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New Year, New Horizons - Africa

Pam Sornson

Posted on December 22, 2018 14:12

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Africa has been, literally, in the dark for centuries, despite industrial revolutions rolling on almost everywhere else. New opportunities for renewable energy, however, are promising to both light up the continent and provide its citizens with a bright new future.

Hallelujah - 2018 is over!!! These past two years have been disillusioning, as government chaos and corrupt politicians have worked to erode long-standing protections of civil rights and the environment. The incoming U.S. House of Representatives promises at least some level of accountability and perhaps even a set of brakes on the occupants of the oh-so-White House. Hopefully, the repeals will stop and we will have a respite until the next election opens new doors to a brighter and cleaner future.

In the meantime, though, I have been heartened by how the country - and the rest of the world - has rallied together in defense of common environmental ideals. Watching the climate crisis unfold seemingly unfettered has helped me to clarify not just what those environmental ideals are, but also why we have them and why we continue to need them going forward. So now I'm hopeful that those of us who may have been taking our clean air and water for granted will step up and be more proactive in terms of protecting and extending the protections around them.

Ergo, I will continue writing about progress in the fight against climate change and environmental destruction. Imagine my delight when my research revealed efforts in Africa to bring light to millions of its citizens. I'm excited to share what I learned with everyone who is invested in getting and keeping our planet clean and green.

Africa's Quest for Power - Renewable Power
Despite rapid and expansive industrial development in most other corners of the world, much of Africa remains both undeveloped and in the dark. Not only is a lack of power hampering industrial, economic and social growth, but the lack of lighting keeps millions of people in darkness every night, eliminating their opportunity for productivity at home. The impact on health care, education, and commerce is also negative and demoralizing.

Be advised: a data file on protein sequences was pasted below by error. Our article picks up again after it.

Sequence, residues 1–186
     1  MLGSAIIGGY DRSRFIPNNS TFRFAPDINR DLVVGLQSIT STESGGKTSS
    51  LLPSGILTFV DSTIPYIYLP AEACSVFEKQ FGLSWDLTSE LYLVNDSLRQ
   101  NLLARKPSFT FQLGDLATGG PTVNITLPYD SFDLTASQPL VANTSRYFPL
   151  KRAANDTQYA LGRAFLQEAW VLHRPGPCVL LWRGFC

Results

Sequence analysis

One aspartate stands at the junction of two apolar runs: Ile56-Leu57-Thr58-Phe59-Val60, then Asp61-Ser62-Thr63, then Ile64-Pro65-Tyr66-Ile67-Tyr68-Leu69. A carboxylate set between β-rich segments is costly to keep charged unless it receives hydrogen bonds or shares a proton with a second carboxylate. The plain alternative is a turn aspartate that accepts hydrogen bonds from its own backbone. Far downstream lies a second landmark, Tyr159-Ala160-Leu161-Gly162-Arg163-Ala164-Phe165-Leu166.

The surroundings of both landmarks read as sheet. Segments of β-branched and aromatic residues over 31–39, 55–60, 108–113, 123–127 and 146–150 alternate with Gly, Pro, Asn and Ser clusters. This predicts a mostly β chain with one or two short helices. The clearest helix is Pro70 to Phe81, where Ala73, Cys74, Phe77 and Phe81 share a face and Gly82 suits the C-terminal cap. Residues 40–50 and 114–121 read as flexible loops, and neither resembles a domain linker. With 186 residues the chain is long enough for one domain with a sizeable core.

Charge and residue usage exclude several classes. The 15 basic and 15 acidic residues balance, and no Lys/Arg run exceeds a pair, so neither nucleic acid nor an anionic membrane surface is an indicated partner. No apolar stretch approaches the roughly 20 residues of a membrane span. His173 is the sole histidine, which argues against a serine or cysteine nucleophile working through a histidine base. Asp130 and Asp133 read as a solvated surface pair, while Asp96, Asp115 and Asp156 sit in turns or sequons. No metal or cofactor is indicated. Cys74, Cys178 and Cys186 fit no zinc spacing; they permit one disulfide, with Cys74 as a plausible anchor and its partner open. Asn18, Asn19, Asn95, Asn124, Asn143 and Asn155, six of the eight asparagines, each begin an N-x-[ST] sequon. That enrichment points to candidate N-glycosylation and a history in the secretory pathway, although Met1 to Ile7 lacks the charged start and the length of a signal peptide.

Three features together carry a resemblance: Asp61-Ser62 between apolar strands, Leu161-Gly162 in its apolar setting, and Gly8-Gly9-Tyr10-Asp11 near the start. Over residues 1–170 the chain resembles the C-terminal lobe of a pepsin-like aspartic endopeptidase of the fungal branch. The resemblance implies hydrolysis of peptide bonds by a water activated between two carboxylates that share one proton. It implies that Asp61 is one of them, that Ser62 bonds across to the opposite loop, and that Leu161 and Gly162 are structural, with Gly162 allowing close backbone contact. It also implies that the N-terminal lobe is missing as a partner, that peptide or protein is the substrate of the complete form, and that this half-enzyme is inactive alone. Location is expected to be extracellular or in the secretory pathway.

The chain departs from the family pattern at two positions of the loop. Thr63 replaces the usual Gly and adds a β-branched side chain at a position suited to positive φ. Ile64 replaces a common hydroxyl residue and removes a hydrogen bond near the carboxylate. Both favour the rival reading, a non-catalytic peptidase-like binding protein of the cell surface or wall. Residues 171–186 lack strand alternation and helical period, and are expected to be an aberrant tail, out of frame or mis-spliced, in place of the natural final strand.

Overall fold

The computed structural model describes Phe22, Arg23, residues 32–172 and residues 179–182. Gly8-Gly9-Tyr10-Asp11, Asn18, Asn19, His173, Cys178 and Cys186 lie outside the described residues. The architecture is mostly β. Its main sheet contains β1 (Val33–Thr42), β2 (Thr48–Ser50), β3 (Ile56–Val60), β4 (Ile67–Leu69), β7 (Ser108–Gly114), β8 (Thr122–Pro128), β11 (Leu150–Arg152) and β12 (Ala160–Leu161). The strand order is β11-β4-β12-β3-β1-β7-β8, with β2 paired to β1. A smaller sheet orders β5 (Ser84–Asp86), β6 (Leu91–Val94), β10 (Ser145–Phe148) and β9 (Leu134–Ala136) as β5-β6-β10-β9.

Low access and insufficient capacity - One in four (24%) Sub-Saharan citizens has no or limited access to power.

Unreliability - On average, African manufacturers suffer through 56 days per year of power outages, resulting in almost two months of lost productivity. Those that don't have backup power resources can lose as much as 20% of their annual revenues because of the blackouts.

Expensive - In the developed world, electricity costs as little as $.04 per kilowatt-hour (kWh). In cities in Sub-Saharan Africa that have some form of a utility system, the cost averages $.13/kWh. In areas where there is no such system, companies often use diesel-powered generators, which raise the cost of electricity to three to four times as much as the utility customer pays, and adds CO2 and other pollutants to the air, besides.

As dire as these statistics are, there is much to be hopeful for regarding the status of Africa's emerging energy industries. The continent is awash in naturally occurring renewable energy sources, and global investors are working to harvest them. You'll read about those here.

Pam Sornson

Posted on December 22, 2018 14:12

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